Rosalino comes with a complicated history. After refusing to be conscripted for the army, Brett notes he is ‘so severely beaten that his back is permanently injured.’ This means he’s unable to carry heavy weights. This wasn’t an ideal situation for Lawrence given his own poor health, but he admires Rosalino for standing by his principles: ‘He is one of those, like myself, who have a horror of serving in a mass of men, or even of being mixed up with a mass of men. He obstinately refused, whereupon the recruiting soldiers beat him with the butts of their rifles till he lay unconscious, apparently dead.’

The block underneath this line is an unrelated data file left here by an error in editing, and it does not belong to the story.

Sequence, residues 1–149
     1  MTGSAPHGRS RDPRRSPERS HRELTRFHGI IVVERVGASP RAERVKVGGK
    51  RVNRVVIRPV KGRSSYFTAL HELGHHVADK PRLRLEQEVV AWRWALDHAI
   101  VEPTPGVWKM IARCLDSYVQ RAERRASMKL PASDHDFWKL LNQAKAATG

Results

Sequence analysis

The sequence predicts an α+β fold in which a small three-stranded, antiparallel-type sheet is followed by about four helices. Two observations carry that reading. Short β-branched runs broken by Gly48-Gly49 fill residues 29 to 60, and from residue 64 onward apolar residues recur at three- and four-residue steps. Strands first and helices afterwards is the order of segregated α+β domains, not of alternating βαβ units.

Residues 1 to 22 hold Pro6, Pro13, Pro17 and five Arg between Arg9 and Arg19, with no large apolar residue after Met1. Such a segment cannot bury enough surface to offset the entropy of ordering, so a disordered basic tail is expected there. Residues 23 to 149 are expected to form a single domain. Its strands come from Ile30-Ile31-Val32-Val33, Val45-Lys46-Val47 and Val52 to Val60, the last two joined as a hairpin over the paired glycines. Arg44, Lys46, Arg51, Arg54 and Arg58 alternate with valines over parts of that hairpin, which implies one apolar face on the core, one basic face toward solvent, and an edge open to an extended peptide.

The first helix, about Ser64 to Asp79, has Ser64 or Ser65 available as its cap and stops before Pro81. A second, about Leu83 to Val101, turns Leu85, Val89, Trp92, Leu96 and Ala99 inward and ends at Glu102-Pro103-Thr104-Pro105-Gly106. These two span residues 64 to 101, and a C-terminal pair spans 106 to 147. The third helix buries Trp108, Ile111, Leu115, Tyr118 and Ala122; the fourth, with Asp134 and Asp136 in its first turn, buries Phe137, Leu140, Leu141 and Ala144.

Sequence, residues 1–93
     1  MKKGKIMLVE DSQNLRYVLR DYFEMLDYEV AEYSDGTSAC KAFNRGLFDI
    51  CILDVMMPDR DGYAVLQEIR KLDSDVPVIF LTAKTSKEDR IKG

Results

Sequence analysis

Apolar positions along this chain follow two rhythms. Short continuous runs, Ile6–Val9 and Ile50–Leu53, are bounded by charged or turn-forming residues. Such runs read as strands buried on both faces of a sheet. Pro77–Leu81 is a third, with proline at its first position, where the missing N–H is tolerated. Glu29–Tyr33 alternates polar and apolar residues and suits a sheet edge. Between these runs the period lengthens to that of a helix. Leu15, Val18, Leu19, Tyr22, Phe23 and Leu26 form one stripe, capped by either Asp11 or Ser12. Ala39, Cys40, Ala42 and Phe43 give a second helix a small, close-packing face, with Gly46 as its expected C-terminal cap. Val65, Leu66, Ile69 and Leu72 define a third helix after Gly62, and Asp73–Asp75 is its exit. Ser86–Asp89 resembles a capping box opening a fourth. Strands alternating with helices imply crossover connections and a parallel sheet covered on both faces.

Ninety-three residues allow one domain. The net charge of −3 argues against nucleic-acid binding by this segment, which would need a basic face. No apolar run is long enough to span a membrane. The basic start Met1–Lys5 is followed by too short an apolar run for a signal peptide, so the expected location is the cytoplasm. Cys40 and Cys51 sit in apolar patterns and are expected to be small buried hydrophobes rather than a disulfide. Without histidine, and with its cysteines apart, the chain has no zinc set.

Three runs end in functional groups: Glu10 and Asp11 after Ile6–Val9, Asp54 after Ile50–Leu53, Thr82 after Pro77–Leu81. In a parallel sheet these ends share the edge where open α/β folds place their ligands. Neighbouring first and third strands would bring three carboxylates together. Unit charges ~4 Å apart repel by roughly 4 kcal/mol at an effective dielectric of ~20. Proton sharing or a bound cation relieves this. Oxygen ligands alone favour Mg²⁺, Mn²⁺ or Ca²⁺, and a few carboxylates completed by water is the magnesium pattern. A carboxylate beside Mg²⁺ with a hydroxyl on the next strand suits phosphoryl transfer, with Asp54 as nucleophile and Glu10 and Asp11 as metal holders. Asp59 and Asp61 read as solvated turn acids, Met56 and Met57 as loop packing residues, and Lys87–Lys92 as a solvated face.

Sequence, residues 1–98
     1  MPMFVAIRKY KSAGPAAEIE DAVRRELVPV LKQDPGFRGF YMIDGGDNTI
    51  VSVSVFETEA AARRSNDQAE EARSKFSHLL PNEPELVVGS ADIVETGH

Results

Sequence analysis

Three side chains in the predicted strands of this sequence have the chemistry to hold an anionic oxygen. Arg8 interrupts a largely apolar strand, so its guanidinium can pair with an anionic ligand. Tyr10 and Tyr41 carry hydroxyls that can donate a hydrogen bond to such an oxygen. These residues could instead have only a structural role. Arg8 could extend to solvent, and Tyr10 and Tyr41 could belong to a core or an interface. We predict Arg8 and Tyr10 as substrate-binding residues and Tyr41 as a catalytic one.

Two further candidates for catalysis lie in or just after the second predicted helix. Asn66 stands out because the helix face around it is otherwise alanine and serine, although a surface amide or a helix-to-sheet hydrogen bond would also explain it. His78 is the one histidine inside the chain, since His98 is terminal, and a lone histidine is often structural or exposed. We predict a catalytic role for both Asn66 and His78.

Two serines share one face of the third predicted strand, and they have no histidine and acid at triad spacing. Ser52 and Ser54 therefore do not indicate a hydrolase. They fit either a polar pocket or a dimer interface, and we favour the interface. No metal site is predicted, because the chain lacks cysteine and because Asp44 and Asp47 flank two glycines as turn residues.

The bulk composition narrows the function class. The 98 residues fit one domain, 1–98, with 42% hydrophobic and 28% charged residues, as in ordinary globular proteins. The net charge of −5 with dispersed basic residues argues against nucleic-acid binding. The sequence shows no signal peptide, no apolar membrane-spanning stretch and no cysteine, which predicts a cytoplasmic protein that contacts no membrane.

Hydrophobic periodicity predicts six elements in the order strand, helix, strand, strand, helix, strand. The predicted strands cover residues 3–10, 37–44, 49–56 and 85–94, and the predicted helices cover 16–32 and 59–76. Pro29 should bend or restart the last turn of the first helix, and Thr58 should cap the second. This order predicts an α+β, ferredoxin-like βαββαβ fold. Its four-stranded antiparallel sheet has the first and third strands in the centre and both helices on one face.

After ensuring he was suitably dressed, Lawrence then drew on his experience of teaching to help Rosalino with his self-education. Rosalino had been attending a night school for two years for reading and writing and was set the task of learning and copying a series of long poems. But the problem was ‘he had written the thing straight ahead, without verse-lines or capitals or punctuation at all, just a vast string of words, a whole foolscap sheet full.’ Realising that he was having difficulty, Lawrence stepped in and offered to teach him every morning for one hour. Mozos were not used to this level of kindness and so this latest gesture had a profound effect on Rosalino, leading to mimicry. Lawrence enjoyed a bath every Saturday evening and a clean shirt on a Sunday. So Rosalino goes to the public bath every Saturday and on a Sunday ‘he appears in a gorgeous flowered shirt, spotlessly clean’. But he only has two shirts and so Lawrence buys him some more.